Lean Times, Bad News
Last month we wrote about Leslie Baldacci and her run-in with slavish imitation. Baldacci's the enterprising Sun-Times reporter who wanted to tell the story of a reservist's family trying to cope while Dad was away at war in the Persian Gulf. Baldacci wrote one article, and then TV reporters descended on the family like crows after corn.
A letter soon arrived from someone who used to work at Channel Five, the primary usurper of Baldacci's story. "I think you're really missing the boat by not reporting on the decimation that's taking place in our once proud local TV news operations," said the correspondent. "They're being gutted by the bean counters at the frantic networks, and we're paying a price in news coverage. Hence the total lack of enterprise you wrote about."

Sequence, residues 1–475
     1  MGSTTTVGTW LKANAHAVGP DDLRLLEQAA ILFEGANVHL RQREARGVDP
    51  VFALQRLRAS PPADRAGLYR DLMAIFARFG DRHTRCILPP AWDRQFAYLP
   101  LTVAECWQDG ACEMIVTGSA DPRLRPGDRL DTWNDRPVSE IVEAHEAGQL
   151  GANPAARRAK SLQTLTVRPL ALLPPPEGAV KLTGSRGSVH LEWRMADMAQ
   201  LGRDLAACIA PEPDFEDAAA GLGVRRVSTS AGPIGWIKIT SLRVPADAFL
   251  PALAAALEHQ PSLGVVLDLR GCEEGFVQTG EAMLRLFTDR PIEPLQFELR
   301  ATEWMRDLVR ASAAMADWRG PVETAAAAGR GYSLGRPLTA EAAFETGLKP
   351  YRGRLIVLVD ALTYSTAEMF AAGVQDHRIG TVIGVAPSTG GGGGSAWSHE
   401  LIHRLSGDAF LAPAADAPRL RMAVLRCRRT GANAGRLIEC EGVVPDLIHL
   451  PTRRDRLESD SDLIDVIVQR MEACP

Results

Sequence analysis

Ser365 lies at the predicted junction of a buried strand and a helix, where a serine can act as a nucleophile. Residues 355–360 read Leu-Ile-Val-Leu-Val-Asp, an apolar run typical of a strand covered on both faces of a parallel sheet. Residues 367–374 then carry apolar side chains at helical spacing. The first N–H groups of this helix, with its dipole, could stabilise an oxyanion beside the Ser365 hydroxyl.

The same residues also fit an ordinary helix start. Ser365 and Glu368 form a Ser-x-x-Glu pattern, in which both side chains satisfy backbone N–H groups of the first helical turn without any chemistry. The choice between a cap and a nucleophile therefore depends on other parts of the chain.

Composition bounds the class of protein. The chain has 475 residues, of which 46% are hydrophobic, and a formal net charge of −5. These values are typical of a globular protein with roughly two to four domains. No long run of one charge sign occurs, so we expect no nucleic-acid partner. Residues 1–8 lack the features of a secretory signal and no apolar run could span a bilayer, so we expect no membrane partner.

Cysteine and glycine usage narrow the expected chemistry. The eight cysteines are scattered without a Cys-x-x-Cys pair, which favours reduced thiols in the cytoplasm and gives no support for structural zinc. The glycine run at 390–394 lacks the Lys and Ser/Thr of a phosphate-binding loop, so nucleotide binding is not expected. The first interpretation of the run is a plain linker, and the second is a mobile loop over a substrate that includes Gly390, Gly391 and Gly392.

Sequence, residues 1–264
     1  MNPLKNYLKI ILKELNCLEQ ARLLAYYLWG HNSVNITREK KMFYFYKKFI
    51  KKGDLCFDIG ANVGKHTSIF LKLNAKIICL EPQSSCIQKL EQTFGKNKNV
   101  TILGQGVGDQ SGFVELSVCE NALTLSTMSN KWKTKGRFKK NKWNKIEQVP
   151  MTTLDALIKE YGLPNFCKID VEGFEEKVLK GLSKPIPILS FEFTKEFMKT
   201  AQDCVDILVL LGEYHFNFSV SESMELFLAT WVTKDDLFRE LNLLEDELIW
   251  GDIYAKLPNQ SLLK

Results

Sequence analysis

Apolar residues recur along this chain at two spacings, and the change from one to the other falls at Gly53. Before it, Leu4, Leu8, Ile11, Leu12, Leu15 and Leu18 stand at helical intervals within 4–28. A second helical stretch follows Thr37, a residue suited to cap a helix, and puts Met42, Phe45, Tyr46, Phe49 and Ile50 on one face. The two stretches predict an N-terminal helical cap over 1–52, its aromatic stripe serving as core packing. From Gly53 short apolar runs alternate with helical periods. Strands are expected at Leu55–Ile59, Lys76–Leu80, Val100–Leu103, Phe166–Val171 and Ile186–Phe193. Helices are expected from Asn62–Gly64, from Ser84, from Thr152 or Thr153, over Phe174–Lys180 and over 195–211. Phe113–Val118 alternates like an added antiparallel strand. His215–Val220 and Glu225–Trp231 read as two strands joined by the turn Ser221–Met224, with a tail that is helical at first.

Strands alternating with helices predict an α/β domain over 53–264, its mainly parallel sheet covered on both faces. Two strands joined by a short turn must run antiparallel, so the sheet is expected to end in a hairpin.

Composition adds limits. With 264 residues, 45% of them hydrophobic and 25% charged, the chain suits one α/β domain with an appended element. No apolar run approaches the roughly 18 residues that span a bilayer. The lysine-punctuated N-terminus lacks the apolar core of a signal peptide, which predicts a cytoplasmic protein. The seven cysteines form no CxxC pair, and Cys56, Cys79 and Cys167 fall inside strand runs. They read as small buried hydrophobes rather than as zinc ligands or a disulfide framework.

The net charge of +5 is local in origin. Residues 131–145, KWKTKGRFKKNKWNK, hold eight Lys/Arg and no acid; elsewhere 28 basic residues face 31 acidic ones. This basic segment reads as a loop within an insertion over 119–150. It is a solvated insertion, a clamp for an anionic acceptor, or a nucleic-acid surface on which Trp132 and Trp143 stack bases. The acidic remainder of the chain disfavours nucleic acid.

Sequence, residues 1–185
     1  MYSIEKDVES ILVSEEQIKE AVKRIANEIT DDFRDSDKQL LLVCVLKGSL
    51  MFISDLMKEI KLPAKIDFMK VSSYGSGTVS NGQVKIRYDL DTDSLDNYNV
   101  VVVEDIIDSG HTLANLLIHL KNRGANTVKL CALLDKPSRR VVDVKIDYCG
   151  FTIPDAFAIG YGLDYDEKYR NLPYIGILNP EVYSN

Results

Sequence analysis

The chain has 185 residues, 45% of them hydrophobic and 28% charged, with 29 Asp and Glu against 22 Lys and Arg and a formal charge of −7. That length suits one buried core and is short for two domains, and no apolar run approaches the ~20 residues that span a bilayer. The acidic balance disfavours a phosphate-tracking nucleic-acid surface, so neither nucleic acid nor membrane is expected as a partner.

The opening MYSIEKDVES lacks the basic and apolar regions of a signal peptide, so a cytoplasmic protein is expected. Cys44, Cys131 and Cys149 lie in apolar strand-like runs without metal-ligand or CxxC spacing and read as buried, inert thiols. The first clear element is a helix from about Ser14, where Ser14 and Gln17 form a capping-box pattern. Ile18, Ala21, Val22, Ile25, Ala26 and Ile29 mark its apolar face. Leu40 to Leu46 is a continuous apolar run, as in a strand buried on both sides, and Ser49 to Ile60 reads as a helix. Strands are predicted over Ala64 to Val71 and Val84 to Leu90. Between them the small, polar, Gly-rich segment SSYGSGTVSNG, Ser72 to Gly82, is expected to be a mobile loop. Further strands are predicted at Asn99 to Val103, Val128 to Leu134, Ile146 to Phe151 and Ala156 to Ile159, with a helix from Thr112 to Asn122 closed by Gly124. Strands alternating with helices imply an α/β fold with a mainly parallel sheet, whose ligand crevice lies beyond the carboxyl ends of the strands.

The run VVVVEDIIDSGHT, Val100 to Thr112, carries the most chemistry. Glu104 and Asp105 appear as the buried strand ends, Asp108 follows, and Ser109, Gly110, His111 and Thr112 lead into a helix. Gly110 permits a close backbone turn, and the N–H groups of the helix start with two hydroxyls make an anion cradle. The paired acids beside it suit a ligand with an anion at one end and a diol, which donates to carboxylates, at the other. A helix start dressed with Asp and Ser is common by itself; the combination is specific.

Well, the gutting is real. An anecdote:
Midway through a David Copperfield special on Channel Two April 9, Bill Kurtis came on the air with gloomy news. A threat of flooding along the Des Plaines River, said Kurtis in roughly those words. More at ten.
In Des Plaines, David Tilley glanced out his family's dining-room window at the river 25 feet away. It didn't look that high to him. Tilley is secretary of the Maine Civic Association, a group of home owners who live in floodplains in Des Plaines, Niles, and Park Ridge. His father is president. Their phone started ringing. "What's going on? Are we flooding?" the callers wanted to know. "We saw it on the news."